The --offline flag makes sure that the client will not reach out to full node. As a result, the account and sequence number queries will not be performed and it is required to set such parameters manually. Note, invalid values will cause the transaction to fail.
$ rizond tx sign [file] [flags]
This command also returns signed result as standard output. So you'd better redirect the stdout to file to broadcast, too.


Before broadcast signed transaction, you can validate the transaction's signatures.
This prints the addresses that must sign the transaction, those who have already signed it, and make sure that signatures are in the correct order.
The command would check whether all required signers have signed the transactions, whether the signatures were collected in the right order, and if the signature is valid over the given transaction. If the --offline flag is also set, signature validation over the transaction will be not be performed as that will require RPC communication with a full node.
$ rizond tx validate-signatures [file] [flags]


You can broadcast transactions created with the --generate-only flag and signed with the sign command. This command reads the transaction from [file] and broadcast it to a node.
$ rizond tx broadcast [file] [flags]

Create validator

Create new validator initialized with a self-delegation to it
$ rizond tx staking create-validator [flags]
create-validator command needs some mandatory flags.
Amount of coins to bond
The Bech32 encoded PubKey of the validator
The validator's name
The initial commission rate percentage
The maximum commission rate percentage
The maximum commission change rate percentage (per day)
The minimum self delegation required on the validator
Name or address of private key with which to sign
The network chain ID to connect
fees(or gas-prices)
Fees (or gas-prices) to pay along with transaction

Gas and Fees

In the Cosmos based platforms, gas is a special unit that is used to track the consumption of resources during execution. gas is typically consumed whenever read and writes are made to the store, but it can also be consumed if expensive computation needs to be done. It serves two main purposes:
  • Make sure blocks are not consuming too many resources and will be finalized. This is implemented by default in the SDK via the block gas meter.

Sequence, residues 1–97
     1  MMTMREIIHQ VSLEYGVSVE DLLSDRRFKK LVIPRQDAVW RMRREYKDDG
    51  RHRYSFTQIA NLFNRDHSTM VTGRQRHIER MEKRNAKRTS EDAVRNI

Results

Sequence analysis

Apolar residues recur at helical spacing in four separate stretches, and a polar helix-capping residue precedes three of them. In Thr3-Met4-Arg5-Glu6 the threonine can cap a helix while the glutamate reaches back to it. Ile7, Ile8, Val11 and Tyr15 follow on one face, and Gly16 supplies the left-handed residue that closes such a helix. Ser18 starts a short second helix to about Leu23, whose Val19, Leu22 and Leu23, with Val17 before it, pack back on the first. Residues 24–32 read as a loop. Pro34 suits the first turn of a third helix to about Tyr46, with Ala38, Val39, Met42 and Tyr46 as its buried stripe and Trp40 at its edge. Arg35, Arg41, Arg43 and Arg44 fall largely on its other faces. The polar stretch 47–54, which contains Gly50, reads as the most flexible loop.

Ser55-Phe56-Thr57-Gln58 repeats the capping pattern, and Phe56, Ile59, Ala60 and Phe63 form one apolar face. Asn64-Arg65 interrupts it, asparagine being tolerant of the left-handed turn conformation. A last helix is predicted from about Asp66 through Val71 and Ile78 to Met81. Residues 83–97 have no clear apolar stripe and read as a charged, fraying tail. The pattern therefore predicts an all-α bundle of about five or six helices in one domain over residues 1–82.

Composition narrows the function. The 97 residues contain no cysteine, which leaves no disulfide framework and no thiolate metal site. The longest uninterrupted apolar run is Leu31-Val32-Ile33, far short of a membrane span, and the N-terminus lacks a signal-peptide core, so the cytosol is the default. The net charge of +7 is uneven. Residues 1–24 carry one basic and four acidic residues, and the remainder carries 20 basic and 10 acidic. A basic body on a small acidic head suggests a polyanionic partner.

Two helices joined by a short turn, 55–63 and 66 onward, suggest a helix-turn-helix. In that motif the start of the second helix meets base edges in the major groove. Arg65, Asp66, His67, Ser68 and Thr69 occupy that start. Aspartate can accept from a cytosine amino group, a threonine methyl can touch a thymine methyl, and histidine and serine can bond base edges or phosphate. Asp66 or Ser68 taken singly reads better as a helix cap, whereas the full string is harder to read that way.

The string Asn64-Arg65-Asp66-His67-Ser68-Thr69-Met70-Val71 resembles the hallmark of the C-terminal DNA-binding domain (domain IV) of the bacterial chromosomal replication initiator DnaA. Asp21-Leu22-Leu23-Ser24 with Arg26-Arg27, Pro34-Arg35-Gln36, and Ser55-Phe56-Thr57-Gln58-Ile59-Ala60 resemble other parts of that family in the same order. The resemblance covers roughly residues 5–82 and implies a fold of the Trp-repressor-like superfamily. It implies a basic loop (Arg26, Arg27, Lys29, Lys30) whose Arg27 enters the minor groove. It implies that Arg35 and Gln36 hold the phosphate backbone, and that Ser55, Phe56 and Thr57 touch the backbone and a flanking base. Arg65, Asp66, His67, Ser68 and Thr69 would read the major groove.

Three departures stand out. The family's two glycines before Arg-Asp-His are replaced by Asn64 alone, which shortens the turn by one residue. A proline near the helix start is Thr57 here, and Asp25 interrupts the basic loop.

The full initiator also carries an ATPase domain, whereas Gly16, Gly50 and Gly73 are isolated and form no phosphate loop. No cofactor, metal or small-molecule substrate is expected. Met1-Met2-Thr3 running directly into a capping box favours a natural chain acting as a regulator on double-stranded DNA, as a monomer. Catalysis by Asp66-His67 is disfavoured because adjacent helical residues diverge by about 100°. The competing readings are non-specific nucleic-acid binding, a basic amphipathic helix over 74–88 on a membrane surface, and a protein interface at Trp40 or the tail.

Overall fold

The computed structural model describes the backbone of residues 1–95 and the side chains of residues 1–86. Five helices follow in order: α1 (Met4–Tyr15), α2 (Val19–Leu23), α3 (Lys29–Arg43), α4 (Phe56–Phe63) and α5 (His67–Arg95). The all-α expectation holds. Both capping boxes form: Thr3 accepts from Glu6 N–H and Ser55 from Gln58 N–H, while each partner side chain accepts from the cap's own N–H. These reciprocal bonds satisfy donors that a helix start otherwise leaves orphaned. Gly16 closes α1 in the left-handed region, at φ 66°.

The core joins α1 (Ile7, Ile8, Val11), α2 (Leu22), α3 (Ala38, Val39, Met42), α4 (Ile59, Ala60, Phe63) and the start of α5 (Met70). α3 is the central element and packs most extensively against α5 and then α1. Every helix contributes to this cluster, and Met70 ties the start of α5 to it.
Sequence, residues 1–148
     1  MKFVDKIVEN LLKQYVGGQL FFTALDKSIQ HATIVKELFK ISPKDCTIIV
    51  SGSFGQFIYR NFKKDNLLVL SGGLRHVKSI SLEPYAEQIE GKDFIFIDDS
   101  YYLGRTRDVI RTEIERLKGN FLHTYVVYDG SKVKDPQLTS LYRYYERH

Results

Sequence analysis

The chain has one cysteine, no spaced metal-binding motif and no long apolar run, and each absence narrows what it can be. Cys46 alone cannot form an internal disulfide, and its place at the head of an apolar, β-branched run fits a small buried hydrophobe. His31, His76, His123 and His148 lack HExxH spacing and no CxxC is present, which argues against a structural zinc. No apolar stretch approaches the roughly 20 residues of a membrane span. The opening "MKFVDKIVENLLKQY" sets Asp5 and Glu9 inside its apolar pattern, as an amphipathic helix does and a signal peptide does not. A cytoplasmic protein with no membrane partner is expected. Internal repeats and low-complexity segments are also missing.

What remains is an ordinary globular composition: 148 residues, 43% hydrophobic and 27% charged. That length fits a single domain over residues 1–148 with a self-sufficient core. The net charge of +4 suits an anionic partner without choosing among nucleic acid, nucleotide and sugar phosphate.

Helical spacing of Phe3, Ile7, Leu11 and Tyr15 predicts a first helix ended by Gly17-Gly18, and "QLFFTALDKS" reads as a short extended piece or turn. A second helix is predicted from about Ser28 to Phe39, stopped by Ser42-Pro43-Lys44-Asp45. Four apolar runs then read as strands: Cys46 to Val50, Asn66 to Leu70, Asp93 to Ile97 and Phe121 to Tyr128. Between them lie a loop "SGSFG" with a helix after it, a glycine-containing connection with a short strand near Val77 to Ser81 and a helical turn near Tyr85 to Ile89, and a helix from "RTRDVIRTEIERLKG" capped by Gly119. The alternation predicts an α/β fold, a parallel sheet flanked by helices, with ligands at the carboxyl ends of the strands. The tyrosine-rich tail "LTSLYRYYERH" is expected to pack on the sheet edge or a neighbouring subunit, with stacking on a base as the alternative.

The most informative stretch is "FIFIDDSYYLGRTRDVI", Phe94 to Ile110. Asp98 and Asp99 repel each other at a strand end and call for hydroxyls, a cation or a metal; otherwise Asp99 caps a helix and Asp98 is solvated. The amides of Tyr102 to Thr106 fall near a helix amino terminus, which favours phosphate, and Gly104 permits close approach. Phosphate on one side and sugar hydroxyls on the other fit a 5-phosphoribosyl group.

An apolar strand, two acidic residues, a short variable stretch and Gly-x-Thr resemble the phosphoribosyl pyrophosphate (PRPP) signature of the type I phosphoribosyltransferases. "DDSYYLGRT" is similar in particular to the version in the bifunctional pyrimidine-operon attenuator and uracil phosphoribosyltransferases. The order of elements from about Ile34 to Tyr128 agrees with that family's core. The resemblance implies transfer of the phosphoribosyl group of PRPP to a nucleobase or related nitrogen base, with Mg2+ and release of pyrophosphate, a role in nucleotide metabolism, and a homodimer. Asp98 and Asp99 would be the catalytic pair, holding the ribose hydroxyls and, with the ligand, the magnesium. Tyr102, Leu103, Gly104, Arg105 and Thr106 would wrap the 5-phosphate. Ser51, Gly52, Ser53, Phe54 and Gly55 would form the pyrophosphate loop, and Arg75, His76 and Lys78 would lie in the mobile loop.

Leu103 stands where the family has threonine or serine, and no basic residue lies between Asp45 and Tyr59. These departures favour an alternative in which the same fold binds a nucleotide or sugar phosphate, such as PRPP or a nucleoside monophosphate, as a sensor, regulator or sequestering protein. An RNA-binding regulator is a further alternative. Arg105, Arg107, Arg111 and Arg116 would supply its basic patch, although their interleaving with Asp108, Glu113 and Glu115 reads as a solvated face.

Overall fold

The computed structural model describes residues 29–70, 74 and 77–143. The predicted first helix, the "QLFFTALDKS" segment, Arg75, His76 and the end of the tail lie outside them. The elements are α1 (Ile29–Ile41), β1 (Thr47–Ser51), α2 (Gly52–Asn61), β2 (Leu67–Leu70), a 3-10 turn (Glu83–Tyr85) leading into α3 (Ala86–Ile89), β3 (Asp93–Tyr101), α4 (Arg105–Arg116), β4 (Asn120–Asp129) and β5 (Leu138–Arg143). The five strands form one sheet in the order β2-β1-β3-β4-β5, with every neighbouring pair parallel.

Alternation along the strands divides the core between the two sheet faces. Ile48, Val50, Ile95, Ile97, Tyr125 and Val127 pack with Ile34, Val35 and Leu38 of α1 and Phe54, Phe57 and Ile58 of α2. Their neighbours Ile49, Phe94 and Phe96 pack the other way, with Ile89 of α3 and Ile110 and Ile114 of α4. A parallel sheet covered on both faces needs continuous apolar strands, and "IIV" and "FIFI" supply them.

• Prevent spam and abuse from end-user. To this end, gas consumed during message execution is typically priced, resulting in a fee (fees = gas * gas-prices). fees generally have to be paid by the sender of the message. Note that the Cosmos platform does not enforce gas pricing by default, as there may be other ways to prevent spam (e.g. bandwidth schemes). Still, most applications will implement fee mechanisms to prevent spam. This is done via the AnteHandler.
Transactions on the network need to include a transaction fee in order to be processed. This fee pays for the gas required to run the transaction. There are three flags to set transaction fee.
The gas is dependent on the transaction. Different transaction require different amount of gas.
The gas-prices is the price of each unit of gas. Each validator sets a minimum-gas-prices value, and will only include transactions that have a gas-prices greater than their minimum-gas-prices.
The fees are the product of gas and gas-prices.

Set Fees

As a user, you must input gas-prices or fees. The validators specify a minimum-gas-prices at app.toml file that they use to determine whether to include a transaction, where gas-prices >= min-gas-prices. The higher gas-prices or fees , the higher chance that your transaction will get included in a block.
For setting fees, you first can use --gas-prices flag.
$ rizond tx send ... --gas-prices=0.0001uatolo
You don't need to use --gas flag every time, the gas amount for a transaction is calculated as it is being processed automatically as default. Of course, this only gives an estimate, so it returns failures. So you can adjust this estimate with the flag --gas-adjustment if you want to be sure you provide enough gas for the transaction.
You also use --fees sure.
$ rizond tx send ... --fees=10000uatolo
If you use fees, validators will calculate the implied min-gas-prices by dividing your fee with the estimated gas consumption, to properly assign the right priority to your transaction.